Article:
There are over 750 species in the genus Eucalyptus occurring naturally in Australian landscapes as evergreen trees, shrubs or mallees. There are also sixteen species collectively native to the Philippines, New Guinea and Indonesia. Eucalypts are very familiar plants as they are cultivated worldwide. The wood is useful as it is hard and durable, enabling it to be used in construction industries for timber, transmission poles, railway sleepers, furniture, firewood and pulpwood production.
Many eucalypts have been established in cultivation, but most are not hardy enough to survive the frosts of a severe British winter, apart for southern parts of the country. The first native Australian tree to be cultivated in Britain was cider gum (Eucalyptus gunnii) in 1846. In some countries, such as South Africa, eucalypts have become invasive, having escaped from plantations. Eucalypts can grow rapidly to become very tall trees. The tallest known flowering plant is mountain ash (Eucalyptus regnans); a Tasmanian specimen, measured as 100.5 metres in 2018, has been named ‘Centurion’.
The flowers, which all arise from the one point on the stem, are arranged in umbellasters. In bud, the floral parts are covered by a cap, the calyptra, hence the generic name. This falls off to reveal numerous stamens. Copious nectar may be produced, making them plants favoured by apiarists. Fruits are woody capsules. Different Eucalyptus species are characterised by their bark, the arrangements of their flowers and their dimorphic leaves.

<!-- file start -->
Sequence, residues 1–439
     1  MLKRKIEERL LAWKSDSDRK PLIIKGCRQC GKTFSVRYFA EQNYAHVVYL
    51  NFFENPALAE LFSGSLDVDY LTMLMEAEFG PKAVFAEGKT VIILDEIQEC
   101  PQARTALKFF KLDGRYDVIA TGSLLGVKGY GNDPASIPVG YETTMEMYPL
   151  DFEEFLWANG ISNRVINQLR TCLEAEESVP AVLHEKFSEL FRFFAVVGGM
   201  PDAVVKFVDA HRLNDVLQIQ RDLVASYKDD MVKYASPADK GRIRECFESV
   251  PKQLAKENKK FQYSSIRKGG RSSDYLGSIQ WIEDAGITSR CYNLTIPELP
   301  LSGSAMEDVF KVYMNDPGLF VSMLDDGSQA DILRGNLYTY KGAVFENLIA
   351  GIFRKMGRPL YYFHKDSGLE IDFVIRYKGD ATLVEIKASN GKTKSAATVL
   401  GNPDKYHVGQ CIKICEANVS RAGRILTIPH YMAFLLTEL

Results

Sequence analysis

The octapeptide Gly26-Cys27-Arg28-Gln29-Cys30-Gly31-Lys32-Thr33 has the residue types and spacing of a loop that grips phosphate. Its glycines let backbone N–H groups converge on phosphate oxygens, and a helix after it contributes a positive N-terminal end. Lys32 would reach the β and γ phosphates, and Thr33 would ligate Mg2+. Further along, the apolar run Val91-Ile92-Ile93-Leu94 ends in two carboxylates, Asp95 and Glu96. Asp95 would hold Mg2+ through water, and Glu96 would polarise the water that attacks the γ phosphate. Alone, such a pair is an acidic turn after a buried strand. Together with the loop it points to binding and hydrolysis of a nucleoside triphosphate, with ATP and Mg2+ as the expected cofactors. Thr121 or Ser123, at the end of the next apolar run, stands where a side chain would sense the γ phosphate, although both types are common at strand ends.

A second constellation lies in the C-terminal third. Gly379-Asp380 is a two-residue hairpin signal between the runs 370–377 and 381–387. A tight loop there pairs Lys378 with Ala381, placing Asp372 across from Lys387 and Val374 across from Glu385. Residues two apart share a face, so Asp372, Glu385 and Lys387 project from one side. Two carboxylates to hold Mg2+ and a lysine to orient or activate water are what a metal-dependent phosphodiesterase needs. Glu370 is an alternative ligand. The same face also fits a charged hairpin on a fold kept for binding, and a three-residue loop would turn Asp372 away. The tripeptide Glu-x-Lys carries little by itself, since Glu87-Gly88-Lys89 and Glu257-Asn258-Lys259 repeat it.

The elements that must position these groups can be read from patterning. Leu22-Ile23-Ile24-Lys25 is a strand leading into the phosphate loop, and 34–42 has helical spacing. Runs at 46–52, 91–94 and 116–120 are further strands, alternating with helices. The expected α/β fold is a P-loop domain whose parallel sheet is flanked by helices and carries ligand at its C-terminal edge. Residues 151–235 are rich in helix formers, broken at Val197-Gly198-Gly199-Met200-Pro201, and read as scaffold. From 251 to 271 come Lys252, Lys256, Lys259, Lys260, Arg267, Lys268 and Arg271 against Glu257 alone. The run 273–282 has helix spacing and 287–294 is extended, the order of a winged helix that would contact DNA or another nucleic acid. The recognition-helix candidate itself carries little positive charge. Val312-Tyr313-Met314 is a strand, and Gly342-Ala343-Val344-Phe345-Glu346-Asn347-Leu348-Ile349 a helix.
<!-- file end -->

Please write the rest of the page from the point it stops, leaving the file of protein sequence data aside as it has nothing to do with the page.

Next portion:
Essential oil, which has antiseptic properties, is extracted from the leaves. Eucalyptus oil is not only used medicinally but also in cosmetics and perfumes. The oil helps protect the trees from insect attack but also makes the leaves highly flammable, and therefore a fire hazard. Some Eucalyptus species have developed woody underground tubers which help the trees regenerate after fire.
The evergreen leaves of several Eucalyptus species are favoured as food by koalas. Another animal living in the forests of eastern Australia, the yellow-bellied glider, an arboreal marsupial, is dependent on eating the sap of the red stringybark (Eucalyptus resinifera). These gliders also live in hollows in the bark of old stringybark trees.
Using X-ray fluorescence, scientists have discovered a method of detecting gold deposits in Australia by analysing Eucalyptus leaf-discs. Traces of gold have been found in the leaves of Eucalyptus trees growing around Kimberley, Western Australia; ions of buried gold having been transported through the vascular system of these deep-rooted plants.
Grimshaw J and Bayton R 2009. New trees. Recent introductions to cultivation. Kew Publishing, pp. 324-363.
Litern M et al. 2013. Natural gold particles in Eucalyptus leaves and their relevance to exploration of buried gold deposits. Nature Communications 4: 2614.